NEWS OF THE DAY

From Across the Na­tion

San Francisco Chronicle Late Edition - - NATION -

1 FBI probe: In yet an­other af­ter­shock from the chaotic pres­i­den­tial cam­paign, the Jus­tice Depart­ment in­spec­tor gen­eral opened an in­ves­ti­ga­tion Thurs­day into depart­ment and FBI ac­tions be­fore the elec­tion, in­clud­ing whether FBI Di­rec­tor James Comey fol­lowed es­tab­lished poli­cies in the email in­ves­ti­ga­tion of Hil­lary Clin­ton. Democrats have blamed Comey’s han­dling of the in­quiry into Clin­ton’s use of a pri­vate email server, and his late-Oc­to­ber public let­ter about the case, in part for her loss to Don­ald Trump.

2 L.L. Bean boy­cott: Pres­i­dent-elect Don­ald Trump is urg­ing peo­ple to buy L.L. Bean as the com­pany faces calls for a boy­cott be­cause of a fam­ily mem­ber’s do­na­tions to his can­di­dacy. Linda Bean, a grand­daugh­ter of the out­doors re­tailer’s founder, called the back­lash “bul­ly­ing” and “un-Amer­i­can” dur­ing Thurs­day in­ter­views on Fox’s news and pledged that she would not step down from the com­pany’s board of di­rec­tors. Bean and the Freeport, Maine, re­tailer have been tar­geted by an­tiTrump groups af­ter her do­na­tions to the pro-Trump Mak­ing Maine Great Again po­lit­i­cal ac­tion com­mit­tee.

3 Bi­den medal: Pres­i­dent Obama awarded Vice Pres­i­dent Joe Bi­den with the high­est civil­ian honor Thurs­day, com­mem­o­rat­ing an “ex­traor­di­nary man with an ex­traor­di­nary ca­reer in public ser­vice.” A teary-eyed Bi­den ac­cepted the Pres­i­den­tial Medal of Free­dom at a cer­e­mony at the White House ded­i­cated to hon­or­ing the out­go­ing vice pres­i­dent. Obama said he is bestow­ing the honor on Bi­den for “faith in your fel­low Amer­i­cans, for your love of coun­try and a life­time of ser­vice that will en­dure through the gen­er­a­tions.”

4 Deadly fire: Six chil­dren were killed in a huge house fire in north­east Bal­ti­more early Thurs­day, while their mother and three of her other chil­dren were able to es­cape the blaze but were in­jured, a fire of­fi­cial said. All six bod­ies have been re­cov­ered from the home and every­one has been ac­counted for, said fire depart­ment spokesman Chief Ro­man Clark. Clark said the pre­sumed dead were two boys, ages 9 months and 2 years; 3year-old twin girls; and two girls, ages 10 and 11.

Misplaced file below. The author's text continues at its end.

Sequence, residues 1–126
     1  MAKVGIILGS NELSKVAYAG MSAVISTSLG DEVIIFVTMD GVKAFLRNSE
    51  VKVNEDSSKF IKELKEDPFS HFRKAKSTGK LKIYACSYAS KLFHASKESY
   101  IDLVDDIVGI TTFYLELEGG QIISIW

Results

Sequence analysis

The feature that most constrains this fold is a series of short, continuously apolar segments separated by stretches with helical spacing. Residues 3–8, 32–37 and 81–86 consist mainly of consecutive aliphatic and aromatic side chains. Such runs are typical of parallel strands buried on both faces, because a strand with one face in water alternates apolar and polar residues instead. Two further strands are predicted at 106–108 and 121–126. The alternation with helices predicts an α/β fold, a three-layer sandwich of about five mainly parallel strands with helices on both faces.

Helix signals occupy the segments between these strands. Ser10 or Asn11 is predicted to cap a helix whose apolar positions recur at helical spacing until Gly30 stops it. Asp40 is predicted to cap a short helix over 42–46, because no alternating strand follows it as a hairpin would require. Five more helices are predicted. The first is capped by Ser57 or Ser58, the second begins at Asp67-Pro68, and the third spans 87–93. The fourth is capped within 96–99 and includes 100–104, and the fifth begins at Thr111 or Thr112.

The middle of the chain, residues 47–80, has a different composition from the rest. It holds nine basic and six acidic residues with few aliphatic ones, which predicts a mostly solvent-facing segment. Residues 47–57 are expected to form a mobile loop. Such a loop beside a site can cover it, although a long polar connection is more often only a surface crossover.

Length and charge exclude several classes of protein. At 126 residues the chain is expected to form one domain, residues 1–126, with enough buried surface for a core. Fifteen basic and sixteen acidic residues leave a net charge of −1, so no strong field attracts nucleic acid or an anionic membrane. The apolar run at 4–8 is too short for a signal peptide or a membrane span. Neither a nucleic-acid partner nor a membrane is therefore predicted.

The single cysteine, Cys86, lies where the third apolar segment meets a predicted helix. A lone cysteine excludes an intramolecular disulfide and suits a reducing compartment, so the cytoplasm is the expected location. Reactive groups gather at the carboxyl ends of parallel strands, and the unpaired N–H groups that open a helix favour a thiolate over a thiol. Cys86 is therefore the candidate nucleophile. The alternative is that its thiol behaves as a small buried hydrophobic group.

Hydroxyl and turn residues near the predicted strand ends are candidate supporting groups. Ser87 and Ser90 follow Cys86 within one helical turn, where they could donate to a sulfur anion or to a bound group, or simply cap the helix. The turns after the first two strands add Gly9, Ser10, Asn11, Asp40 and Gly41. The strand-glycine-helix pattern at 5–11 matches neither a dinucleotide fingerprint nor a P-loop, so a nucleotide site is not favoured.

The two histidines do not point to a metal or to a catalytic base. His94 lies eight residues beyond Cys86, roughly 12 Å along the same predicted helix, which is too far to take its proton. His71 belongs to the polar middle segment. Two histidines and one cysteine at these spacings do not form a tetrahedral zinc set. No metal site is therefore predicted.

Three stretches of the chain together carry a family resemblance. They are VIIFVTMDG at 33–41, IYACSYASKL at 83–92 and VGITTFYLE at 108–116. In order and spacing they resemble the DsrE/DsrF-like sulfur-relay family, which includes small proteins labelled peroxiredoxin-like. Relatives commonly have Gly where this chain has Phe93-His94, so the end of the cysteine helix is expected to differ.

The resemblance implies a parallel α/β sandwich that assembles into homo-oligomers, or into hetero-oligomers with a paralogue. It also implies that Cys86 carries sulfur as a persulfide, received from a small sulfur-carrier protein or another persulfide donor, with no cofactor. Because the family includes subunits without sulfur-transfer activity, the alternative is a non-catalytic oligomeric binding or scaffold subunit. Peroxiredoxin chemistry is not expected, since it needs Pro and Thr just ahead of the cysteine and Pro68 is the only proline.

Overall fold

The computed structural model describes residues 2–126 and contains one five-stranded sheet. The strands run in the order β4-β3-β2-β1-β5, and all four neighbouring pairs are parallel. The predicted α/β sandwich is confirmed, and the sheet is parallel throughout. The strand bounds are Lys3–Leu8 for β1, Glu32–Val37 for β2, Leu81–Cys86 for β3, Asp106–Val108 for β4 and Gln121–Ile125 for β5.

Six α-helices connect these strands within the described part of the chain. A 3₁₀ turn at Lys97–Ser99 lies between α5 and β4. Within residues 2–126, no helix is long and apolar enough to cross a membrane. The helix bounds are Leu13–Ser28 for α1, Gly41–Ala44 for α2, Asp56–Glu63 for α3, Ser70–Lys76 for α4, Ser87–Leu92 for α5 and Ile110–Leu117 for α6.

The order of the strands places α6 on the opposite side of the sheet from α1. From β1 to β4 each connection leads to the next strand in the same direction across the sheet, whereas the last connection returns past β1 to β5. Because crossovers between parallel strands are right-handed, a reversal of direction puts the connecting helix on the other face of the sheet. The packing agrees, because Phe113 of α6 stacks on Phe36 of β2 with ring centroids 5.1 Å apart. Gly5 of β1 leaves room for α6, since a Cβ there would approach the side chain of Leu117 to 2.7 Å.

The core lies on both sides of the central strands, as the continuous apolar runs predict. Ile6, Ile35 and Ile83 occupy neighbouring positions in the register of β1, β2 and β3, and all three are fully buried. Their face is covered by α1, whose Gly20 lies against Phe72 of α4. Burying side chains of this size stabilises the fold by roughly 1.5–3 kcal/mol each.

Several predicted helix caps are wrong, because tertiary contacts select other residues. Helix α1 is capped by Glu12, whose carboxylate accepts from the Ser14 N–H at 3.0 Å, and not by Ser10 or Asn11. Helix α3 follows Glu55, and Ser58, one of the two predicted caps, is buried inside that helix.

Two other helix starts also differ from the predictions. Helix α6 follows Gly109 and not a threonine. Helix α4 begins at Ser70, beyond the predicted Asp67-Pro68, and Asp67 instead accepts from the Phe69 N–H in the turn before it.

5 Po­lice abuses: The U.S. Depart­ment of Jus­tice plans to an­nounce it has found the Chicago Po­lice Depart­ment en­gaged in a pat­tern or prac­tice of con­duct that vi­o­lated the U.S. Con­sti­tu­tion, two sources with knowl­edge of the in­ves­ti­ga­tion told the Chicago Tri­bune. In an­nounc­ing the in­ves­ti­ga­tion in 2015, U.S. At­tor­ney Gen­eral Loretta Lynch said the probe would fo­cus on the use of force — in­clud­ing whether there were racial, eth­nic and other dis­par­i­ties in how force was used. She also said the Jus­tice Depart­ment would look into the po­lice sys­tem of ac­count­abil­ity.

6 Flag burn­ing ar­rest: A 22-year-old cen­tral Illi­nois man who was ar­rested briefly af­ter post­ing on­line pic­tures of him­self burn­ing a U.S. flag has filed a fed­eral law­suit seek­ing to have the state’s flag des­e­cra­tion law de­clared un­con­sti­tu­tional. Such state laws are al­ready in­valid af­ter the U.S. Supreme Court ruled that flag burn­ing and other forms of dam­age are con­sti­tu­tion­ally pro­tected free speech. Dozens of states, how­ever, still have the laws. Po­lice in Ur­bana used Illi­nois’ flag des­e­cra­tion law to ar­rest Bry­ton Mel­lott on July 4, 2016. He said he planned his demon­stra­tion to protest racial dis­crim­i­na­tion, poverty and other in­jus­tices.

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